What happened

Shares of Ebix (NASDAQ:EBIX), a software provider serving the insurance, financial, healthcare, and e-learning industries, are getting crushed in Monday trading after the company reported disconcerting news over the weekend.

As the company revealed Friday night, after close of trading for last week, its auditor RSM US LLP has resigned as a "result of being unable, despite repeated inquiries, to obtain sufficient appropriate audit evidence that would allow it to evaluate the business purpose of significant unusual transactions [in Ebix's Indian gift card business] that occurred in the fourth quarter of 2020."  

The business in question, part of EbixCash, has been a huge growth driver for Ebix, showing 95% sequential growth in the third quarter of 2020 for example. Now, investors are calling the reality of that growth into question, and Ebix stock is down nearly 50% as of 10 a.m. EST Monday.

Glowing red stock chart arrow trending down

Image source: Getty Images.

So what

Ebix attempted to downplay the bad news, noting Friday that its unaudited results show that it collected revenue of $220 million in the fourth quarter of 2020, and generated both operating income and operating cash flow in excess of $32 million in the quarter -- to which the gift card business contributed just $1 million -- the implication being that the "unusual transactions" that so upset RSM were really not that big of a deal.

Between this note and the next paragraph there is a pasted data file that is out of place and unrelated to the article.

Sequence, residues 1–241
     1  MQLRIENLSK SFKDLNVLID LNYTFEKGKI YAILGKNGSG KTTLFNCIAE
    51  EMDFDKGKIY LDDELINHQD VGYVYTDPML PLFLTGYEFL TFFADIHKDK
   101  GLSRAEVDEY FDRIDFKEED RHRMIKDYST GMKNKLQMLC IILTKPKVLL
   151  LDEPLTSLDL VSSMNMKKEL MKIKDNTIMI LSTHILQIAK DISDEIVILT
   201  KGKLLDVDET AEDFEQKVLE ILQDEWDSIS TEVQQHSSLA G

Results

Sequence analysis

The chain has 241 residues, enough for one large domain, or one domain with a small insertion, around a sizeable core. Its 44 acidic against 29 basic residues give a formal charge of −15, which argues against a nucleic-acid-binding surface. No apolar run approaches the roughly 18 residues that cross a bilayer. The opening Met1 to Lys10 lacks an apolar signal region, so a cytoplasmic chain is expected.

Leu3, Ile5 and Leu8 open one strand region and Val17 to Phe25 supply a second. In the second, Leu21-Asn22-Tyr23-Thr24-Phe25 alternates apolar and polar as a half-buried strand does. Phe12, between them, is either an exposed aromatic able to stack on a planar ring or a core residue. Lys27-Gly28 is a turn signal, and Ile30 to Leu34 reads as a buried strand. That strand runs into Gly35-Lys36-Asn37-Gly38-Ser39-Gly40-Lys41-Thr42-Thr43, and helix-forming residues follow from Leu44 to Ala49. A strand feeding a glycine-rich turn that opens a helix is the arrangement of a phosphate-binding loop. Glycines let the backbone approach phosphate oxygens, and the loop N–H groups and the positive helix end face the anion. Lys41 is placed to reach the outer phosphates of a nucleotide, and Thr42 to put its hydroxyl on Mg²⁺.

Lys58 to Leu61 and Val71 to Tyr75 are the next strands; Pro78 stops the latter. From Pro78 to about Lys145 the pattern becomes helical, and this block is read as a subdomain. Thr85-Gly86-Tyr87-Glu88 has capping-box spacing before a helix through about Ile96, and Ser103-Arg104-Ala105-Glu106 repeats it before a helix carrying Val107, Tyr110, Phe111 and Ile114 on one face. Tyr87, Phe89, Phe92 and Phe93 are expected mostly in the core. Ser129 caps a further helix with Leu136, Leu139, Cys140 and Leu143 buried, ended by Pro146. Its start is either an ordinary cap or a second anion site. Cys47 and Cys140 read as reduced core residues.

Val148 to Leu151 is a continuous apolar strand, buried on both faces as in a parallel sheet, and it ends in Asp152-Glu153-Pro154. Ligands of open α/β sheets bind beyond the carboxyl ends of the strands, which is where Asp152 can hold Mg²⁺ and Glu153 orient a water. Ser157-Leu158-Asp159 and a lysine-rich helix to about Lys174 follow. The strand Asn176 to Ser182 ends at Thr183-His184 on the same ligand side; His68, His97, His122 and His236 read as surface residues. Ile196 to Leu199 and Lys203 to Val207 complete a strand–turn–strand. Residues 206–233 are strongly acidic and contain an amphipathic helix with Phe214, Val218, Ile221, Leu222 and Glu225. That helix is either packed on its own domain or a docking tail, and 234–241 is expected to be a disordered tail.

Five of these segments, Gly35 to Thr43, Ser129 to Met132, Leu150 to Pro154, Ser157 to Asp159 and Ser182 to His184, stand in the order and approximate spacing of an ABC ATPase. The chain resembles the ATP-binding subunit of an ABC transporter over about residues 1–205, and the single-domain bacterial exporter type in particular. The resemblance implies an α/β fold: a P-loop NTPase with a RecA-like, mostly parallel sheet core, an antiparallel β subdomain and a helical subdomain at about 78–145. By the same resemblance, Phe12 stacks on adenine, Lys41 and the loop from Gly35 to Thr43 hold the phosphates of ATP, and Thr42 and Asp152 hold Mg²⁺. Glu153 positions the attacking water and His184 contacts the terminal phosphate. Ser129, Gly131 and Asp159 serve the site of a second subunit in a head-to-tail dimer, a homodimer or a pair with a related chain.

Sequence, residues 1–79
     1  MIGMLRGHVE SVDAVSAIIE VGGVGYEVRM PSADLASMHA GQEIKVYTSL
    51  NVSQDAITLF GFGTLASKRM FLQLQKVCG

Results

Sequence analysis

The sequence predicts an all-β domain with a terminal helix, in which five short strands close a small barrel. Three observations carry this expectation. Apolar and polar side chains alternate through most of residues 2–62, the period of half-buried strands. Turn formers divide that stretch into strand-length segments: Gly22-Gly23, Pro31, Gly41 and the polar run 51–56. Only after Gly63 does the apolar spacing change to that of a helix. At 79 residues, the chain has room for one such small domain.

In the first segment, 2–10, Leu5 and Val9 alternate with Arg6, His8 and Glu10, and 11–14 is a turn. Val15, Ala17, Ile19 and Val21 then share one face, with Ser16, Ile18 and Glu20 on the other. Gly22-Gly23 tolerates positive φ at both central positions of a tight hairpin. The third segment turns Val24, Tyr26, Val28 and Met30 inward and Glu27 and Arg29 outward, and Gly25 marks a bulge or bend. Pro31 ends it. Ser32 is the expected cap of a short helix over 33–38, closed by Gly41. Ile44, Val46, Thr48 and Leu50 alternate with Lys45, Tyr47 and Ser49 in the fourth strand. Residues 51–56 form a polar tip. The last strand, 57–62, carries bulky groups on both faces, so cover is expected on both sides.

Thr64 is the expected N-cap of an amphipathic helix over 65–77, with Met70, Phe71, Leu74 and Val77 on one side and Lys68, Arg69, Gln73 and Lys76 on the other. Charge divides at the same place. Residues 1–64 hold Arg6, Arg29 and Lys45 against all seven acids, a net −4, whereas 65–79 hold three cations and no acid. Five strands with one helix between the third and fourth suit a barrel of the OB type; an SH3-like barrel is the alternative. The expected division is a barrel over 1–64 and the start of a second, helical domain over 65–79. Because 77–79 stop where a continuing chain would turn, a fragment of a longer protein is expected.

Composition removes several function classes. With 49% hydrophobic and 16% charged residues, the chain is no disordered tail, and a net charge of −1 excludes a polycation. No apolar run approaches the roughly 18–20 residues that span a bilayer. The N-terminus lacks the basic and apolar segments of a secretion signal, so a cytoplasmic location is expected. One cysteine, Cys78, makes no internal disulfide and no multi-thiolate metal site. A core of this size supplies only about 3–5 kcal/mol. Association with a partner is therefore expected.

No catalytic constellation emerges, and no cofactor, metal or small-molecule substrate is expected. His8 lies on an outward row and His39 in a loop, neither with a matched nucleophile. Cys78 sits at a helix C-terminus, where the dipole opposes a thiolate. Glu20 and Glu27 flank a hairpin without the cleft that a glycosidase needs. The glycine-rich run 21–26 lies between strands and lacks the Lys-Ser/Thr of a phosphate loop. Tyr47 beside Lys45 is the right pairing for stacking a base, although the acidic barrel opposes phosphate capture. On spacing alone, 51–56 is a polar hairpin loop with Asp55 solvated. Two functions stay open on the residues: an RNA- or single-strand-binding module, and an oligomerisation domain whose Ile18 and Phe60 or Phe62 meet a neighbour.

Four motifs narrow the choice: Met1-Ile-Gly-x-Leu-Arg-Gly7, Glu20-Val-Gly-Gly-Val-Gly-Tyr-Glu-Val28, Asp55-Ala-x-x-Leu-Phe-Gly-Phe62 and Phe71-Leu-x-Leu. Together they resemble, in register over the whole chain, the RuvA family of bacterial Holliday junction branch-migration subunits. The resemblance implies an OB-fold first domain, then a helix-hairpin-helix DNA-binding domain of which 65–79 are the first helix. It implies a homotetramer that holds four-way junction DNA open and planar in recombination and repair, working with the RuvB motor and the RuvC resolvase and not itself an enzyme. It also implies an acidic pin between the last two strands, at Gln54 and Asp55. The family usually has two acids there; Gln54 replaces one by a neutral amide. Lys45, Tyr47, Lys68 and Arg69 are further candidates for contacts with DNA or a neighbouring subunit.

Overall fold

Responding to investor questions over the weekend, this morning, the company argued further that investors are overreacting, insisting that "the Company's financial health is in better shape than ever," that it has $140 million in the bank, and that its planned IPO of the EbixCash business is still on track to take place late this year.  

Now what

Investors aren't buying it, though. From a market capitalization of nearly $1.6 billion Friday, Ebix has collapsed to just $800 million or so in value at last report. Relative to the stock's $94.5 million in trailing earnings, that looks like an incredible bargain -- less than 10 times earnings. Of course, it's only a bargain if you trust that Ebix is earning as much as it says it's earning, and right now, investors don't seem to be in a trusting mood.

This article represents the opinion of the writer, who may disagree with the “official” recommendation position of a Motley Fool premium advisory service. We’re motley! Questioning an investing thesis -- even one of our own -- helps us all think critically about investing and make decisions that help us become smarter, happier, and richer.